Transport & Logistics

Publish date

4 July 2022

What does the Future of Freight Plan mean for the transport and logistics sector?

The Future of Freight Plan (“the Plan”) is the first-ever cross-modal and cross government plan for the UK freight transport sector which was published on 15 June 2022 by the Department for Transport.

Approximately 1.6 billion tonnes of goods are transported into and around the UK each year. The freight sector adds £127 billion annually to the economy and employs more than 2 million people. It is therefore essential that the Government seeks to review and enhance the freight and transport sector in order to maintain the UK’s global competitiveness.

The Plan

The Plan seeks to implement this through the identification of five priority areas which the Government aims to take action:

1.    The identification of a National Freight Network (NFN) across road, rail, maritime, aviation, inland waterway and warehouse infrastructure.
2.    The transition of the sector to net zero by 2050.
3.    Exploration of planning reform opportunities.
4.    Generational commitment by investing in the training and upskilling of the freight and logistics sector to enhance employment and career development.
5.    Embracing innovation in technology and data through the dedicated Freight Innovation Fund.

The Plan is very detailed and demonstrates the commitment of by the Government to increase cross-modal collaboration and invest appropriately to ensure that the sector will continue to thrive and improve where necessary.

The National Freight Network (NFN)

It is not possible in this article to assess each of the five key areas listed above. However, the identification of the NFN goes to the heart of the Plan which seeks to create a better understanding of the freight network which is cross-modally integrated.

The NFN will identify key “corridors” for freight across the country which will ensure that the Government is able to prioritise investment in appropriate corridors to ensure the effective and efficient transportation of goods. This will see operators having greater access to modes of transport and other types of infrastructure for transporting goods around the country which may not have been available but for the identification of the NFN which will see those freight operators reap the benefits of end-to-end freight journeys through the greater connectivity of modes of transport.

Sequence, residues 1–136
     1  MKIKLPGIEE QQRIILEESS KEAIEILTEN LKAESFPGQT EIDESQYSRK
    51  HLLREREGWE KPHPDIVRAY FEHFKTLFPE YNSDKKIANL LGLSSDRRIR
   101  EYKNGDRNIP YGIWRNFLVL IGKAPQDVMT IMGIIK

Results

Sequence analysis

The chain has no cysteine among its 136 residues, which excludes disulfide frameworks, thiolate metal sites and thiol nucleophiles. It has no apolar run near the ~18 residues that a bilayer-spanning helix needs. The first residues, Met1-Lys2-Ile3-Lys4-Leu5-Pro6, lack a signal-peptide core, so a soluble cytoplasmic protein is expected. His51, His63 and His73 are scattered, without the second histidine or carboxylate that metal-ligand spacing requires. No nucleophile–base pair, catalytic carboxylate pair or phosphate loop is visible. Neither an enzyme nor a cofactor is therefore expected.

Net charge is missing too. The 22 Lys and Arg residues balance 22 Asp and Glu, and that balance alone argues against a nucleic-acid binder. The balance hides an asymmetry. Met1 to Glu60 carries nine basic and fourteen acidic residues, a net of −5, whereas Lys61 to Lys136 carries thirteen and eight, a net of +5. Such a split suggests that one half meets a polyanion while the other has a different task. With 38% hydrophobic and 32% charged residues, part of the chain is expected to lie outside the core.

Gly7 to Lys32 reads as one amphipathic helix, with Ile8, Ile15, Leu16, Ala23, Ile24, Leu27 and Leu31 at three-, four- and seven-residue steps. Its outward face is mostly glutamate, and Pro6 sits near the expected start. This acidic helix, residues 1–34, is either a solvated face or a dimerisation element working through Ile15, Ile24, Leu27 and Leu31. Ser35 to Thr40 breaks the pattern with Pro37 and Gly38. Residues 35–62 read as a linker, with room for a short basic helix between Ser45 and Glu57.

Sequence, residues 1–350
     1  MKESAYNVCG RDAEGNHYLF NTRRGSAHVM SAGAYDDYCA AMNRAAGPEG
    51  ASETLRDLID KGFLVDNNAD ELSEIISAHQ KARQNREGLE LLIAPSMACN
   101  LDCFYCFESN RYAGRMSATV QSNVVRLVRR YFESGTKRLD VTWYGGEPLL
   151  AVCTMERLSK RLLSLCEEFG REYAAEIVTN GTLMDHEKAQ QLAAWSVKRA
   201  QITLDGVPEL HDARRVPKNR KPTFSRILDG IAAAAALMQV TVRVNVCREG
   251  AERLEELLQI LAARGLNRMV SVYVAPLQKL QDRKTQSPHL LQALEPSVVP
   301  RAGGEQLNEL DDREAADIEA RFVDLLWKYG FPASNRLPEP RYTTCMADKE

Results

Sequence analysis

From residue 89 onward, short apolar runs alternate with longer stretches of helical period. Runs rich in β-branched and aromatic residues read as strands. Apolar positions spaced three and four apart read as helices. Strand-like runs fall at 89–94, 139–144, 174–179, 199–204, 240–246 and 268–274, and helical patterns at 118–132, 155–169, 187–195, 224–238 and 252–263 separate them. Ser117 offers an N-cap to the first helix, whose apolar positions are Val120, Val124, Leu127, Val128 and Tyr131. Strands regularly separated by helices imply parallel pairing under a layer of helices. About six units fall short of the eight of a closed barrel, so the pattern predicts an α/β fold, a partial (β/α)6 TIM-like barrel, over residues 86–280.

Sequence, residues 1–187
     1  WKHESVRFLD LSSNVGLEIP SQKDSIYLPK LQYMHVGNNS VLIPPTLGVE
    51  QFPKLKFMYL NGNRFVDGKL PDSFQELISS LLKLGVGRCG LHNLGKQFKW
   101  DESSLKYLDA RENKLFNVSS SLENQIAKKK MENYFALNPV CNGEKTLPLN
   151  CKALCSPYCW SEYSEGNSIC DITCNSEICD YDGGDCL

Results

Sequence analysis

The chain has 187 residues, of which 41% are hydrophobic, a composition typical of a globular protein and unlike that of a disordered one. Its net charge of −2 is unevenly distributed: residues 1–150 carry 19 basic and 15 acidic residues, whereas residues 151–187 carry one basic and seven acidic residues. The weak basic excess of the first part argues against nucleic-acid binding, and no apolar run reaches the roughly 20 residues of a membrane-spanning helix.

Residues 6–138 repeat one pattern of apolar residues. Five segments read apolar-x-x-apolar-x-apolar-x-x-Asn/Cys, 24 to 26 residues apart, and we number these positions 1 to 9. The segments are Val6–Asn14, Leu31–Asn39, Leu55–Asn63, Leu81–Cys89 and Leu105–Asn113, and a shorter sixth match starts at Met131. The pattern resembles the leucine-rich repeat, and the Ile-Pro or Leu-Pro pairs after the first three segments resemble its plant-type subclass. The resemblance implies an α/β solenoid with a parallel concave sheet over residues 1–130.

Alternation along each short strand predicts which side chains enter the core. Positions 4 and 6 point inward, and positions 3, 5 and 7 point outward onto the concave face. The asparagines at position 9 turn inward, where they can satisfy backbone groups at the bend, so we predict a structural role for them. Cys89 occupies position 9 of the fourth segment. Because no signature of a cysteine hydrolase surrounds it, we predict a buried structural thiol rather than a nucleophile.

The move to net zero

The Plan also seeks to address the obvious imbalance between increasing productivity and efficiency cross-modally and the requirement to do so in a responsible and sustainable way.

This includes the plan to phase out the sale of new non-zero emission HGVs. Whilst all new road vehicles in the UK must produce zero emissions by 2040, the date for this requirement for the sale of HGVs 26 tonnes and under is sooner than this as the sale of new HGVs under 26 tonnes must be net zero by 2035.

Sustainability is not limited to road freight only and other initiatives have been launched cross-modally such as, for instance, in rail freight with the implementation of air quality monitors at approximately 100 railway stations across England and Wales to check the air quality on the railway and identify those locations which are in need in of improvement.

This will be of paramount importance given the intention of the Government to try and encourage operators to switch from road to rail freight which is demonstrated by the Plan to spend £10.5 billion on track infrastructure between 2019 and 2024.

Generational commitment

The Plan also looks to tackle one of the most relevant issues affecting the supply chain sector today: labour shortages. The issues in the labour market are well documented at the moment and one of the key factors contributing to this shortage is a lack of skill in the sector. The Department for Education is taking measures to tackle this with its package to train up to 16,000 new HGV drives in response to the driver shortage at a cost of approximately £34 million at so-called “Skills Bootcamps”.

Investment in the conditions of operators and other workers in the industry is also due to increase in order to attract workers, such as the allocations of £32.5 million by the Government for roadside facilities for HGV drivers, including sanitary areas such as showers and toilets and greater access to eating / dining options.

The Plan is a step in the right direction to enhance this crucial sector for our economy and further information regarding the Plan can be found at:

Heathervale House reception

Keep up to date with our newsletters and events